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Turkey Fines Social Media Giants Second Time For Defying Law

Photo Illustration: Unsplash/Kyra

Turkey has fined online media giants once again for breaking a new digital law that is intended to ensure that the government can get content it considers illegal removed – with no sign of an end to the standoff.

Turkey’s Information and Communications Technologies Authority, BTK, on Friday imposed fines of 30 million Turkish lira, equal to 3.10 million euros, on digital media giants including Twitter, Facebook, Instagram, YouTube, Periscope and TikTok, following the first 10 million lira fine a month ago.

The second fine came after the social media giants again failed to appoint official representatives to the country as required by a new digital media law adopted in July this year.

“Another 30 days were given to those companies [to appoint representatives] and this time expired this week. Another 30 million Turkish lira fine was imposed on each of the companies which did not comply with the necessities of the law,” BTK told Turkey’s Anadolu Agency.

In the past month, none of the social media giants has made any attempt to appoint official representatives, as the Turkish government demanded. The only social media company to appoint a representative is Russia’s VKontakte digital platform, VK.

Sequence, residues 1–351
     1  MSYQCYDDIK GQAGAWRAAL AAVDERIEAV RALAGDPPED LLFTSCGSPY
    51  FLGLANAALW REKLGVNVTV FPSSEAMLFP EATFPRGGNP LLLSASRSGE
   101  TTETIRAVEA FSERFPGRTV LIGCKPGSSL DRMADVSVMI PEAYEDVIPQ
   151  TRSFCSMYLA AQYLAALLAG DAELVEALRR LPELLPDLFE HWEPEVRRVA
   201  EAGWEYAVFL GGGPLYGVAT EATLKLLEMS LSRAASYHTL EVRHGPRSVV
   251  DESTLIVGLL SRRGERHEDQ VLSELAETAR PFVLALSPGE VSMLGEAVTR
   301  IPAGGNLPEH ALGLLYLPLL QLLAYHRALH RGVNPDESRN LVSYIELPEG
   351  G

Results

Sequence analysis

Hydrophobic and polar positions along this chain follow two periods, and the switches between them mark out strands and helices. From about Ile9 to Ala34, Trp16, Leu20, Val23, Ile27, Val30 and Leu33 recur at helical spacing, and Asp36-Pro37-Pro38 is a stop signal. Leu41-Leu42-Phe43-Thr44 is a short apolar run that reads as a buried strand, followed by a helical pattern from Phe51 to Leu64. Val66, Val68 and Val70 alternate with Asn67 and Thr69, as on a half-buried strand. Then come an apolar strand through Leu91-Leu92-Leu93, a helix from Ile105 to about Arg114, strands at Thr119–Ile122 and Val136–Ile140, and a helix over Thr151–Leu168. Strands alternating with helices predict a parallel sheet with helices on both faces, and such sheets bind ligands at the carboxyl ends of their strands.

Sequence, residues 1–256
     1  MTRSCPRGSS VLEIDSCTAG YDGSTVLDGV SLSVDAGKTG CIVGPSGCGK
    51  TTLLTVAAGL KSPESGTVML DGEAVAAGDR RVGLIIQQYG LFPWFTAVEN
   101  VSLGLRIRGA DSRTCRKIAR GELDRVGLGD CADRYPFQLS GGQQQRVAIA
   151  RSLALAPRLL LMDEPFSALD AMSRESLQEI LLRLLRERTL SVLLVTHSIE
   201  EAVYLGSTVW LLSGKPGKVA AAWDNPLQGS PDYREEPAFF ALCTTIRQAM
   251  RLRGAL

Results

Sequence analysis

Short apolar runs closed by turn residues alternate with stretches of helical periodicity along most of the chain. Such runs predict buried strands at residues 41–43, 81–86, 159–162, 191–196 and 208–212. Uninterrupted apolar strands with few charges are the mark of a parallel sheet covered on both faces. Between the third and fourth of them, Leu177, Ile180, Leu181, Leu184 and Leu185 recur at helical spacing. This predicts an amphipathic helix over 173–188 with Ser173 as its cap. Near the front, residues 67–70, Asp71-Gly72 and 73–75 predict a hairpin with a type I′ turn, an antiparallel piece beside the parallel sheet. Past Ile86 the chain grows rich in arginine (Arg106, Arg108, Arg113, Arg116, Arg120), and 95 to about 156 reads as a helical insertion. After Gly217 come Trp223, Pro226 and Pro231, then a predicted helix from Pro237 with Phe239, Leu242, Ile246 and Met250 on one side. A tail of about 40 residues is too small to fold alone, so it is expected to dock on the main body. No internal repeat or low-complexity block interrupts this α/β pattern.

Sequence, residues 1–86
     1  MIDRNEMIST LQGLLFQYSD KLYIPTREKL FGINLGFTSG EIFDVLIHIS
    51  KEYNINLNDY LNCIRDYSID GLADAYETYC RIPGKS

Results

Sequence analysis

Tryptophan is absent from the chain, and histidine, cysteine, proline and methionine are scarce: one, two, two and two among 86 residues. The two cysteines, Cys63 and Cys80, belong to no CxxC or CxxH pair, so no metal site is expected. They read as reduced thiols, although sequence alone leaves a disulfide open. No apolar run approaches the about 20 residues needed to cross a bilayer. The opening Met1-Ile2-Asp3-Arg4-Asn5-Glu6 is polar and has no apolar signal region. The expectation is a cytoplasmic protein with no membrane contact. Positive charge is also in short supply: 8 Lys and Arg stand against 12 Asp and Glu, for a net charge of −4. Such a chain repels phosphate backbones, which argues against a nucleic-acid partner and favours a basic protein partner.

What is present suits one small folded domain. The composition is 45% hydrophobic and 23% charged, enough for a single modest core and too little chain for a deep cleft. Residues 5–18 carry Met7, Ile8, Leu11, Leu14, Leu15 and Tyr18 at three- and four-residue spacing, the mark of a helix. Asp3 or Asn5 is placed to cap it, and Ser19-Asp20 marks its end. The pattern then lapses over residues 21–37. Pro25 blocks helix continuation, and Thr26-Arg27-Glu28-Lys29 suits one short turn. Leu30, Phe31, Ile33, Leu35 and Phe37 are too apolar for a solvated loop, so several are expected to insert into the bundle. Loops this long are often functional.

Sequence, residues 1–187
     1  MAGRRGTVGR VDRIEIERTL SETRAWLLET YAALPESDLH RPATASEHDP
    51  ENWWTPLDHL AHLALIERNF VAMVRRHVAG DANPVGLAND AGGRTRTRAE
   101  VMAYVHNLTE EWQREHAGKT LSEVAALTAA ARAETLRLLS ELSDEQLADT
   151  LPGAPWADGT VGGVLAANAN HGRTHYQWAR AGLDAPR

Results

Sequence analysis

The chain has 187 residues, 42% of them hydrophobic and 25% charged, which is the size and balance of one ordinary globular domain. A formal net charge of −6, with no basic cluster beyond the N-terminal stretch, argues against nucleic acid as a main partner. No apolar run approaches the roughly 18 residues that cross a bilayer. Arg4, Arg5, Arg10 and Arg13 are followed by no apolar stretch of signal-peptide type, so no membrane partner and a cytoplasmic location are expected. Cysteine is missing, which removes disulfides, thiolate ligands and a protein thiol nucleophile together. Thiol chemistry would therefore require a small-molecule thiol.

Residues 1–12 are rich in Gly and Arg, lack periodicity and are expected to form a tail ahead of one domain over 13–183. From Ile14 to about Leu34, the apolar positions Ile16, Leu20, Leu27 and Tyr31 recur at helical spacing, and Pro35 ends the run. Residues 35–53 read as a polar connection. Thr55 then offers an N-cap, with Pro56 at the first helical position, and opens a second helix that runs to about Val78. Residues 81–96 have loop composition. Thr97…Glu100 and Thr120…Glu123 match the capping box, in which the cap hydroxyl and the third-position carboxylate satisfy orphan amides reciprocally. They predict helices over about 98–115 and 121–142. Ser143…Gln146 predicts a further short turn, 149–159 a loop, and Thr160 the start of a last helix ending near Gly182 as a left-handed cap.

“We require social media companies to appoint representatives in our country. We aim to protect our citizens, particularly children, who are more vulnerable than adults,” President Recep Tayyip Erdogan said on December 1.

“We hope they voluntarily respond to our request. Otherwise, we will continue to protect the rights of our citizens at all times,” Erdogan added, accusing the social media giants of creating an uncontrolled environment in the name of freedoms.

If the media companies comply within three months, the fines will be reduced by 75 per cent. If not, they will face an advertising ban for three months. As final sanctions, their bandwidth will be halved and then cut by 90 per cent.

The government is also asking the online media giants to transfer their servers to Turkey.

Opposition parties and human rights groups see the new law as President Erdogan’s latest attempt to control media platforms and further silence his critics.

The new regulations might also prompt companies to quit the Turkish market, experts have warned. PayPal quit Turkey in 2016 because of similar requests and Wikipedia was blocked in Turkey for more than two-and-a-half years.

According to Twitter, Turkey has submitted the highest number of requests to Twitter to delete content and close accounts. Turkey asked Twitter to close nearly 9,000 accounts, but it only shut down 264 of them, in 2019.

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